ARPHA Conference Abstracts : Conference Abstract
Conference Abstract
Dormouse acoustics: The use of artificial intelligence to detect and identify European dormouse species
expand article info Jennifer MacIsaac ‡, §
‡ British Trust for Ornithology, Thetford, Norfolk, United Kingdom
§ University of East Anglia, Norwich, United Kingdom
Open Access


Passive acoustic monitoring (PAM) is becoming increasingly popular for wildlife surveying due to the benefits it offers in terms of non-invasiveness, reduced field time and spatial scalabilty. Acoustic surveying protocols are well established for bat species, but the use of PAM for non-volant small mammals has been largely unexplored. Some dormouse species are highly vocal and are therefore potentially good candidates for acoustic surveying.

A landscape-scale acoustic survey is currently being carried out in Polesia, a vast lowland region in Eastern Europe. Three dormouse species have been recorded in this region: Dryomys nitedula, Glis glis and Muscardinus avellanrius, with a fourth species Eliomys quercinus considered rare or locally extinct. Acoustic surveys at this scale generate may hours of recordings, however data analysis can be automated using species classifiers. Classifiers have achieved varying levels of accuracy, but recent advances in artificial intelligence, specifically deep learning has led to the development of acoustic classifiers with high levels of accuracy.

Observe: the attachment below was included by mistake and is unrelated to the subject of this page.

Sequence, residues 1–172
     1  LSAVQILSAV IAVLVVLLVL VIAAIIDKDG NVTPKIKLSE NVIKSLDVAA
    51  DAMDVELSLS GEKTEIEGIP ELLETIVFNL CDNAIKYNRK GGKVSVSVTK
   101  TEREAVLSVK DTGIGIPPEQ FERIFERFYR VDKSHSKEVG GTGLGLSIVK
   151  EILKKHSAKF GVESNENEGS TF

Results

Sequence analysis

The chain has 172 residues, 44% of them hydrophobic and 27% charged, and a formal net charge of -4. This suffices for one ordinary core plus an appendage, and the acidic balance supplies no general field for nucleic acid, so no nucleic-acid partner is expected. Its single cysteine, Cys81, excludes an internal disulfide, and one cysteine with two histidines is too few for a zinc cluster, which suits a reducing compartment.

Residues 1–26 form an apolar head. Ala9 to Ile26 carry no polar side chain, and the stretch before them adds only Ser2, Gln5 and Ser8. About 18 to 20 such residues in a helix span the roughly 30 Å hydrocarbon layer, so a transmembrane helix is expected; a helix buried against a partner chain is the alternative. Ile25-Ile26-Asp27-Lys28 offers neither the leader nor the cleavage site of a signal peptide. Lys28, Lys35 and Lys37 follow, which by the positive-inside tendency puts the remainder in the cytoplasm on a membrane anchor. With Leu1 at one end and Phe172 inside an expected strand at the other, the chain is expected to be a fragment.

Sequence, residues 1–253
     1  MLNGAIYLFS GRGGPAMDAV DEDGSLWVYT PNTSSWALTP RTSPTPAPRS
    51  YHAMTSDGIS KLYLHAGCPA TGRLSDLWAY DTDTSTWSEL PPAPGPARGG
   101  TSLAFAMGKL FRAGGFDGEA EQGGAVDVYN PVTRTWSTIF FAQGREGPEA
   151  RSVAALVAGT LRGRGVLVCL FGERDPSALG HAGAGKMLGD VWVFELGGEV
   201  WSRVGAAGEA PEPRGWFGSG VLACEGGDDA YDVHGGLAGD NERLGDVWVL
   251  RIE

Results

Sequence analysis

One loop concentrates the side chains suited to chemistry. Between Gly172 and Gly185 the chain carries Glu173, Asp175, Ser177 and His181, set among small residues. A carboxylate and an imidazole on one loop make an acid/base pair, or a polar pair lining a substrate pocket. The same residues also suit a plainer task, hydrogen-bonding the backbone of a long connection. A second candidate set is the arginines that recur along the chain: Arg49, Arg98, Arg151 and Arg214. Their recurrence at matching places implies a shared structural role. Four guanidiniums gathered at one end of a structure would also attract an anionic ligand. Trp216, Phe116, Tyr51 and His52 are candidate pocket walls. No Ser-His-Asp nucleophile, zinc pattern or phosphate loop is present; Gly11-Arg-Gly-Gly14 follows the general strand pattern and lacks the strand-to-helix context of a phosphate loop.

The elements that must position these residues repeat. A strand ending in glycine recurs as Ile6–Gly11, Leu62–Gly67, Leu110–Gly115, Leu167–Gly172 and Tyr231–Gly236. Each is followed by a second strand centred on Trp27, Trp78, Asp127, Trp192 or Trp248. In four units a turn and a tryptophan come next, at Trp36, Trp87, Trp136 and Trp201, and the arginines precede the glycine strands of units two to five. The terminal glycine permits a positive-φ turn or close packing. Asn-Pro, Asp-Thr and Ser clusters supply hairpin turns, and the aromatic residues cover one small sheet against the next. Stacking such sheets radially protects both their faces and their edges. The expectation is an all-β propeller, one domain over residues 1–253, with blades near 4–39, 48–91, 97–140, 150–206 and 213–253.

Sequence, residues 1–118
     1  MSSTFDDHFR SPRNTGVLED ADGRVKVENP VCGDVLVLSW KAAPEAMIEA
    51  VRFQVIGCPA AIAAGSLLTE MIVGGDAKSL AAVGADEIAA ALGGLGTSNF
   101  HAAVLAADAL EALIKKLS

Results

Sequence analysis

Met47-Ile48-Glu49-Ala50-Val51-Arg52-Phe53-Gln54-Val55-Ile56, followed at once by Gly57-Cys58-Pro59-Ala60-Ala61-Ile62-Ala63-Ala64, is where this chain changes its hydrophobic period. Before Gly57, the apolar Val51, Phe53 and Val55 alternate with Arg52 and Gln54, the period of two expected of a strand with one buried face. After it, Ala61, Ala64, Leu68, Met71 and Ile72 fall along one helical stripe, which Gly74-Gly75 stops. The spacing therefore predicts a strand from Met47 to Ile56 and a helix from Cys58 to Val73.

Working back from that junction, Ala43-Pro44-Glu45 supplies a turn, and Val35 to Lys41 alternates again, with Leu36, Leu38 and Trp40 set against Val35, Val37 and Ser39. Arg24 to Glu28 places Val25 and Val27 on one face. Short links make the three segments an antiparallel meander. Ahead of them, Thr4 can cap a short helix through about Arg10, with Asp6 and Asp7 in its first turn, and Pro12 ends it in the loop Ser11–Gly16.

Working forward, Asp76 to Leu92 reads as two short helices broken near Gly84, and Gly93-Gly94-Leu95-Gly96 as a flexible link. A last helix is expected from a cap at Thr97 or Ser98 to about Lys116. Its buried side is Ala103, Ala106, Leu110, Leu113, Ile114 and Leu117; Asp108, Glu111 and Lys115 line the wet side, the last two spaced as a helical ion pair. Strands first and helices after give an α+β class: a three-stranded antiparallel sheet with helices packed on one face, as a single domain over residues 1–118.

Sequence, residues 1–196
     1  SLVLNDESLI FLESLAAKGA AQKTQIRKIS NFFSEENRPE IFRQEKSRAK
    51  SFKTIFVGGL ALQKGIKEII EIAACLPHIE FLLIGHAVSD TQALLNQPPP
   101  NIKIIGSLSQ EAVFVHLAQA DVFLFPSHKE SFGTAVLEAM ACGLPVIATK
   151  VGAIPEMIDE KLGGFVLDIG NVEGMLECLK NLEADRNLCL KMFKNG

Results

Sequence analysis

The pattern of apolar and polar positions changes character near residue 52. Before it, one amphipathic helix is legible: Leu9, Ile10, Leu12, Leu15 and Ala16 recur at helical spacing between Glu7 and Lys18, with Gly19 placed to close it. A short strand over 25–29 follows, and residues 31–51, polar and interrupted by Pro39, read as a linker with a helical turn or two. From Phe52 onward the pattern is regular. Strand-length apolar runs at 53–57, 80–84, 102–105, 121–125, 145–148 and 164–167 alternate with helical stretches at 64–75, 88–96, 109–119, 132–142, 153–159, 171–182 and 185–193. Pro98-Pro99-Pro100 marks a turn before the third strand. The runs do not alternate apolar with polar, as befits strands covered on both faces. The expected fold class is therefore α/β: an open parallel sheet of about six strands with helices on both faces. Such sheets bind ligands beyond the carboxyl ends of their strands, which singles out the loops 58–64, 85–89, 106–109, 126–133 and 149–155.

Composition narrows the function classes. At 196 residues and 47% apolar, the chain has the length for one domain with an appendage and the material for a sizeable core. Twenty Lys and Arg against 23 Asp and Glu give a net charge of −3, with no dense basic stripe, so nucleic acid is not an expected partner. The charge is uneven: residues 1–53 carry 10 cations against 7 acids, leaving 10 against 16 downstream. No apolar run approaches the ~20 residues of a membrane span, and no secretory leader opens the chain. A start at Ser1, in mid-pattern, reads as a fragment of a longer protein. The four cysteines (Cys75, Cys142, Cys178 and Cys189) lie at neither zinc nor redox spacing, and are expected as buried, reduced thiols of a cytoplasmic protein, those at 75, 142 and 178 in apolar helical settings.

In this study, a convolutional neural network classifier was developed to identify D. nitedula, M. avellanarius and nine additional small mammal species. Overall, the classifier achieved 0.944 training accuracy and 0.943 test accuracy. During testing, the classifier achieved D. nitedula and M. avellanarius identification accuracies of 100% and 98% respectively. These preliminary results suggest that PAM could provide an effective, non-invasive method to survey dormice in large geographic areas. Further work will include expansion of the classifier to include G. glis and E. quercinus when sufficient acoustic data are obtained.


Passive acoustic monitoring, convolutional neural network, Muscardinus avellarius, Dryomys nitedula, Polesia

Presenting author

Jennifer MacIsaac

Presented at

Oral presentation at the 11th International Dormice Conference (May 9-13, 2022)

Funding program

Natural Environment Research Council and Frankfurt Zoological Society

Hosting institution

British Trust for Ornithology

Conflicts of interest


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